In order to get the squirrel to leave the chimney and return to the roof, it is necessary to make some loud noises near the fireplace. Dropping a long, strong rope (at least 3/4 inches thick) down the chimney is another option. Because of this, the squirrel will have a means of egress. Squirrels, on the other hand, will typically respond to commotion and attention by escaping the chimney on their own.


What Causes Squirrels in the House?

When squirrels invade your home, they are after the same things as mice and rats: a comfortable place to nest, a source of food, and easy access to water. Squirrels will attempt to take up residence in your home if they can easily get entry.


How to Prevent Squirrels in the House

Once you’ve removed the squirrel, inspect your home for any access points and seal them off. Check for nests in the attic, holes in the outside walls, and signs of entry all the way around the chimney. To prevent squirrels from gaining access to your roof or eaves, cut back any branches from nearby trees.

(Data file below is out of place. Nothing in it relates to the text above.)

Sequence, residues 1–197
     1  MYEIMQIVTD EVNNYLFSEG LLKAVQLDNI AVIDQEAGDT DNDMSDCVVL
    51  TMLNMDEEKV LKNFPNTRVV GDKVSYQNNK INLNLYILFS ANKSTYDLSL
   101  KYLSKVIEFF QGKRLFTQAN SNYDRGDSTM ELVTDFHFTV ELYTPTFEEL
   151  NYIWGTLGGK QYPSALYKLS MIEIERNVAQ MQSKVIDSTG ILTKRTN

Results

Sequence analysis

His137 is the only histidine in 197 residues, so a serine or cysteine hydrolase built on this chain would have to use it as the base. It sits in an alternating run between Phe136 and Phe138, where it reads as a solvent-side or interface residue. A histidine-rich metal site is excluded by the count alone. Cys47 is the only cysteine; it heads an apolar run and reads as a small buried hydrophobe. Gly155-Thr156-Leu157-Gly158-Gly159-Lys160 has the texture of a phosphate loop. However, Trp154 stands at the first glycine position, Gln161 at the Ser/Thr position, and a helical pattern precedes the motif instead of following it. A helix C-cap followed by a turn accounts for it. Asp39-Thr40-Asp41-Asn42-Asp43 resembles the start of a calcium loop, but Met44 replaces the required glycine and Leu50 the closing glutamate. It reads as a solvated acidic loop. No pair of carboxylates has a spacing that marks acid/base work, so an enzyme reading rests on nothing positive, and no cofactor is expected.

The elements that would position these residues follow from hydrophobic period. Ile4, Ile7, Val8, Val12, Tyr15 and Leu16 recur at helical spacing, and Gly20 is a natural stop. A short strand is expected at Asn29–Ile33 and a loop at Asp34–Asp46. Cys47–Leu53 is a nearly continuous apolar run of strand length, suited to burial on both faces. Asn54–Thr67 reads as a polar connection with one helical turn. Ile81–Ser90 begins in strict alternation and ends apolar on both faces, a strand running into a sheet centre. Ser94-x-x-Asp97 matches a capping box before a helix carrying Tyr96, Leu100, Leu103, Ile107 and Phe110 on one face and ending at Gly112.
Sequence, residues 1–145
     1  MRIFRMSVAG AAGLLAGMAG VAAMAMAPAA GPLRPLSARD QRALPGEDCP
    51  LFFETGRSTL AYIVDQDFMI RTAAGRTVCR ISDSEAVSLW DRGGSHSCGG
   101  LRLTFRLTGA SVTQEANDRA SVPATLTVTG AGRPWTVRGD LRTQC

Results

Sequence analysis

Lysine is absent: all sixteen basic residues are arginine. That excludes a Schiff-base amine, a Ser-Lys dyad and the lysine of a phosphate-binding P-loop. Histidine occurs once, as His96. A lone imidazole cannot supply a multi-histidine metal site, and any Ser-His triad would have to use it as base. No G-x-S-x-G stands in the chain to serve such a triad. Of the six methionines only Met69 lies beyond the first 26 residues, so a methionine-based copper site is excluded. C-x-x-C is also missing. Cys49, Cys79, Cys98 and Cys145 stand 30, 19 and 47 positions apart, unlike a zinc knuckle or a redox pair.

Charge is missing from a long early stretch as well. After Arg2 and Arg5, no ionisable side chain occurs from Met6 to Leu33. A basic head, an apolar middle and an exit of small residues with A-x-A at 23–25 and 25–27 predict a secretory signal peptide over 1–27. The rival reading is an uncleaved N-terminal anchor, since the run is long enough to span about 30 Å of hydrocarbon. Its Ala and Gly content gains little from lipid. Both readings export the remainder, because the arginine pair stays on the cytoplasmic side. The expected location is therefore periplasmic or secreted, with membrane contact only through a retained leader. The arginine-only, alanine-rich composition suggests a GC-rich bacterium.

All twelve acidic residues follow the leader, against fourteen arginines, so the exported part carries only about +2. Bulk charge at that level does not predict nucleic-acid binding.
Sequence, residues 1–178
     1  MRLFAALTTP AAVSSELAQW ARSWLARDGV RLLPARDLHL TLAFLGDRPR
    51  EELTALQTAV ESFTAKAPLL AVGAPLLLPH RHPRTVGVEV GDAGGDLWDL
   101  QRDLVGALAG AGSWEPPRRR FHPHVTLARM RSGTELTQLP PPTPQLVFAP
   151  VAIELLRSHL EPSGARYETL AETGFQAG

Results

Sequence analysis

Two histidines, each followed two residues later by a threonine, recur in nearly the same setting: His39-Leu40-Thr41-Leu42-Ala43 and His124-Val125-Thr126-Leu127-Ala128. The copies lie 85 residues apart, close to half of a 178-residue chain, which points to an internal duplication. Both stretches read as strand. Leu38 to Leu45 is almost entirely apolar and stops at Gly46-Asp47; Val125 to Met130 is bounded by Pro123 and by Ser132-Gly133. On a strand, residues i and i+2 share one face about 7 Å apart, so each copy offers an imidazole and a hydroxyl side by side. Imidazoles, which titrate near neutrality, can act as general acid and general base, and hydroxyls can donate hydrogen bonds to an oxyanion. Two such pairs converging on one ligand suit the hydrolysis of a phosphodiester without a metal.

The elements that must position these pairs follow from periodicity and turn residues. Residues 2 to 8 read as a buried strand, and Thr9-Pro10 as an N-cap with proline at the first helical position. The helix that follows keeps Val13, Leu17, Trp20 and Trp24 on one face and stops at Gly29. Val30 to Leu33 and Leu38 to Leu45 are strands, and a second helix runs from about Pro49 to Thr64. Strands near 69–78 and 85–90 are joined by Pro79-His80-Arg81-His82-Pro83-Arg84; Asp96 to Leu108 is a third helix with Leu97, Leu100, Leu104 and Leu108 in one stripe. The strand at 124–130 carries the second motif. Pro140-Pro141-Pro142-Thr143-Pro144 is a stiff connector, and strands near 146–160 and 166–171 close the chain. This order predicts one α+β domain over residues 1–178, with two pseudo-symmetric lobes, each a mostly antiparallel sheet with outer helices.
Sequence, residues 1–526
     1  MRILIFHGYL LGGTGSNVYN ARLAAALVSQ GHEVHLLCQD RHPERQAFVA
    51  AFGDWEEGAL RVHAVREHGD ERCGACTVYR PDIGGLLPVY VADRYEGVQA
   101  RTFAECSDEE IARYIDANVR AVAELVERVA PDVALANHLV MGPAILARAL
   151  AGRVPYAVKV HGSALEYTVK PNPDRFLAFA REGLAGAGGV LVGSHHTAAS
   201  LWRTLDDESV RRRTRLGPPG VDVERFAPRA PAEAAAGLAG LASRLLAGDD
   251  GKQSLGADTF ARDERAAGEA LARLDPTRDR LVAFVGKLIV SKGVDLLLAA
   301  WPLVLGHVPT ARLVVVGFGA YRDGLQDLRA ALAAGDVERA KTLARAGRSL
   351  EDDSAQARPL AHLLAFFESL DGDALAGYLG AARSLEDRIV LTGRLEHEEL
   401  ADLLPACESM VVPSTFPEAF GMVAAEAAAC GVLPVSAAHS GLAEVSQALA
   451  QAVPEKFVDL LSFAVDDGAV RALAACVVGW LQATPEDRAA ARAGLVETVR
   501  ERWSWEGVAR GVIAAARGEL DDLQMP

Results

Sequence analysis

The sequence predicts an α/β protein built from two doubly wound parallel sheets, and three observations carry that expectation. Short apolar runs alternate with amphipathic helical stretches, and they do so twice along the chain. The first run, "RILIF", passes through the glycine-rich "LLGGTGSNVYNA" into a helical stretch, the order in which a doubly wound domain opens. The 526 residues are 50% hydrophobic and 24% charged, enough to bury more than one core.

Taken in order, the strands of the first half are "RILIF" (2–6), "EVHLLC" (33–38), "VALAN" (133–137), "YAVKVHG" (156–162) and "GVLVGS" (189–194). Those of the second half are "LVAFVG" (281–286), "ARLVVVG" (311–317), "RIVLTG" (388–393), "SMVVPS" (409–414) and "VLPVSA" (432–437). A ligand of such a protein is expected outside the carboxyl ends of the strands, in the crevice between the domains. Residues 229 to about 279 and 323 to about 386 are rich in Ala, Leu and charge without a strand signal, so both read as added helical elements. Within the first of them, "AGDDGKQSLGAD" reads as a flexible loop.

In order to keep squirrels and other wild animals out, you should block off any openings. Since animals can’t gnaw through metal flashing, it can be used as a sealant to prevent them from getting back inside. Put covers on the chimneys. Always close the door leading outside when you leave a room.

Don’t make it simple for squirrels to find food, such as by leaving out trash cans. Protect your bird feeders from squirrels by securing them. Put cat food and bird seed in metal containers for storage in the garage.

Do everything you can to make your property unattractive to these rodents, as a large squirrel population near your home increases the likelihood that some of them will find their way inside, either through a hole in the foundation or a garage door.